Goitrogenic compounds

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Goitrogenic compounds have a proven association with the development of feline hyperthyroidism[1].

Goitrogenic compounds contributing to feline hyperthyroidism including phthalates, resorcinol, isoflavones, polyphenols (plasticized bisphenol A - BPA) and PCBs, found in food, drinking water, household cleaners and polluted air[2]. Extensive studies have shown that consumption of more than 50% of the diet containing canned food was associated with a higher risk of hyperthyroidism in cats, and the relative risk increased the longer the cats remained on the diet. In addition, cats that ate food from pop-top cans also had an elevated risk compared with those fed from a can which required a can-opener[3].

Goitrogenic compounds in the food and the environment generally reduce the efficiency of thyroid hormone synthesis by the thyroid gland, increasing TSH secretion secondarily and leading to thyroidal enlargement. Aside form iodine, most cat foods contain relatively high levels of goitrogenic compounds such as phthalates[4]. Cats may be exposed to many other goitrogenic compounds either in diets (particularly fish-containing diets) or the environment, which could contribute to the development of thyroid adenomas.

Isoflavones inhibit 5'-deioinase activity, and polyphenolic soy isoflavones, in particular, genistein and daidzein, have been identified in almost 60% of cat foods tested[5]. In particular, virtually all dry and semi-moist cat foods contain soy protein with more than 11 μg/g of isoflavones, levels adequate to interfere with thyroid function (August, 2006). Additionally, these isoflavones tend to be biologically inert within the cat's body and are retained for significantly long periods of time, thus having an accumulative effect.

Cats have a relatively slow capacity for glucuronidation, the metabolic pathway responsible for metabolizing many goitrogenic compounds. Autoantibodies have been suggested as a risk factor for the development of hyperthyroidism, but have not been proven to exist in hyperthyroid cats[6].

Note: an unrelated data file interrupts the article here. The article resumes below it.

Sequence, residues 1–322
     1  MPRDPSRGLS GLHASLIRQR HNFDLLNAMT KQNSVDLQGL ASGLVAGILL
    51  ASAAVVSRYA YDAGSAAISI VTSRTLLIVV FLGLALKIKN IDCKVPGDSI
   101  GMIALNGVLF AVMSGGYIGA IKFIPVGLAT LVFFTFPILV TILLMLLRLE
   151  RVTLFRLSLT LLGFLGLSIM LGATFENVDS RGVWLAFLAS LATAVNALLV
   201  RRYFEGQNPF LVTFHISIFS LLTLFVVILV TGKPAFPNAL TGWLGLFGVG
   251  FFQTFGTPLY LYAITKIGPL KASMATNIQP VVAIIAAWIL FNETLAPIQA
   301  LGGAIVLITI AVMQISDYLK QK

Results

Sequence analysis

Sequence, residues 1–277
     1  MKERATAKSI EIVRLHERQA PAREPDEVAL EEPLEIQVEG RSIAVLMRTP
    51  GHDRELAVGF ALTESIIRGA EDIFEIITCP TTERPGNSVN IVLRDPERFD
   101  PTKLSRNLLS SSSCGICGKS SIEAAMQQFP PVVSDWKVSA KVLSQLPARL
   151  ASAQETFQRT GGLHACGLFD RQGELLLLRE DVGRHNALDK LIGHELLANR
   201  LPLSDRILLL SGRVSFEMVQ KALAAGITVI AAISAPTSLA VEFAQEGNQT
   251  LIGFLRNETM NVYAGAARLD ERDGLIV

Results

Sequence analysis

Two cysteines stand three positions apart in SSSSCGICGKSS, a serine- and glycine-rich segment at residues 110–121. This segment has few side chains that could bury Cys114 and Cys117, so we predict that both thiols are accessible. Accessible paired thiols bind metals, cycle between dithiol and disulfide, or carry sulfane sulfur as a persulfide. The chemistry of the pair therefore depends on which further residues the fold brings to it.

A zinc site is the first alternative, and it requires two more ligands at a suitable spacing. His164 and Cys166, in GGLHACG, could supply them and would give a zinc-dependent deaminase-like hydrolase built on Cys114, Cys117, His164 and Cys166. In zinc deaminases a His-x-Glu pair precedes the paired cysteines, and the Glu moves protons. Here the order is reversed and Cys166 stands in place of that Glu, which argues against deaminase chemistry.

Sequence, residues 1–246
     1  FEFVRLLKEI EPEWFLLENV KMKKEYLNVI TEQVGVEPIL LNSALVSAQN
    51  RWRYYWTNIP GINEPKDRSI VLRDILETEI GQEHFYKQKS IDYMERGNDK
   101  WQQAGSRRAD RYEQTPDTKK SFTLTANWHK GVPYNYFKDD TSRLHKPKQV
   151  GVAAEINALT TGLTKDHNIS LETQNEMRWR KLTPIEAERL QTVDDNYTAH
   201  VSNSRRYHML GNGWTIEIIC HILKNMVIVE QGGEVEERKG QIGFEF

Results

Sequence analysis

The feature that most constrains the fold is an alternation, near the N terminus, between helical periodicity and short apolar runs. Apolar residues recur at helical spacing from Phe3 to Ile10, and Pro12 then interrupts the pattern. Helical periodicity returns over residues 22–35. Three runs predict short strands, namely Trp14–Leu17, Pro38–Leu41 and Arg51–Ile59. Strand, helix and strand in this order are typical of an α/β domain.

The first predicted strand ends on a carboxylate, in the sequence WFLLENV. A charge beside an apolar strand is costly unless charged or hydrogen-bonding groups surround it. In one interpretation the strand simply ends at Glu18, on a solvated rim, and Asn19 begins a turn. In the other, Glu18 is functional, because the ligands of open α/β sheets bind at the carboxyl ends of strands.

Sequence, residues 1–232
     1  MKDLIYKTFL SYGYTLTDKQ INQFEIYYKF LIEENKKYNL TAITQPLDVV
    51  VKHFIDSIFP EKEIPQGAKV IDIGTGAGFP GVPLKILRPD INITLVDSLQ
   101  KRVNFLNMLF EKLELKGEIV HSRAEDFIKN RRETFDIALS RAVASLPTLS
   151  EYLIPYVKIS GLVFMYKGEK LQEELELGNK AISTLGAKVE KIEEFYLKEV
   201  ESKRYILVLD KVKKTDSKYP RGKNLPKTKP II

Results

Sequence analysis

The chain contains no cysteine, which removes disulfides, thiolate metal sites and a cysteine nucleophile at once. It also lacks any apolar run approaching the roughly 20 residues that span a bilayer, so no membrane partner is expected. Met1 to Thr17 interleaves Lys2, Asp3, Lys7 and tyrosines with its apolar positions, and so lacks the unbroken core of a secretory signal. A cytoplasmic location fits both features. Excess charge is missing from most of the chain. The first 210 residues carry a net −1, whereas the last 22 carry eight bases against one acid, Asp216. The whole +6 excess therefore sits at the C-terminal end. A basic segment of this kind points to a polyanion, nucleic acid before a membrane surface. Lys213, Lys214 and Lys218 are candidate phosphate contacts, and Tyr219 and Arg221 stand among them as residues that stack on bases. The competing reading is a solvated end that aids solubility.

A genetic basis for hyperthyroidism also has been suggested. Decreased expression of a G-protein in adenomatous thyroid glands of some hyperthyroid cats has been shown to reduce the negative inhibition of the cAMP cascade in thyroid cells. This leads to autonomous growth of the thyroid and the hypersecretion of thyroxine. The results of one study indicated that over-expression of the c-ras oncogene in hyperthyroid cats was highly associated with areas of nodular follicular hyperplasia and adenomas of the thyroid glands. Currently, the role of this hypothesis in the pathogenesis of hyperthyroidism is unclear[7].

It appears prudent to reassess dietary protocols in cat's diagnosed with hyperthyroidism, and determine the care-givers interest and momentum in adoption a more natural diet to minimise goitrogenic exposure. The use of chelation therapy, a common alternative medical procedure in humans for removal of heavy metals and chemicals, has been suggested anecdotally, but never been reported.

References

  1. August, JR (2006) Consultations in feline internal medicine. Vopl 5. Elsevier Saunders, USA. pp:211-212
  2. Martin, KM et al (2000) Evaluation of dietary and environmental risk factors for hyperthyroidism in cats. J Am Vet Med Assoc 217:853-856
  3. Edinboro, CH et al (2004) Epidemiological study of relationships between consumption of commercial canned food and risk of hyperthyroidism in cats. J Am Vet Med Assoc 224(6):879-886
  4. Mumma, RO et al (1986) Toxic and preventive constituents in pet foods. Am J Vet Res 47(7):1633-1637
  5. Court, MH & Freeman, LM (2002) Identification and concentrations of soy isoflavones in commercial cat foods. Am J Vet Res 63(2):181-185
  6. Nguyen, LQ et al (2002) Cloning of the cat TSH receptor and evidence against autoimmune etiology of feline hyperthyroidism. Endocrinology 143(2):395-402
  7. Kennedy, RL & Thoday, KL (1998) Autoantibodies in feline hyperthyroidism. Res Vet Sci 45:300-306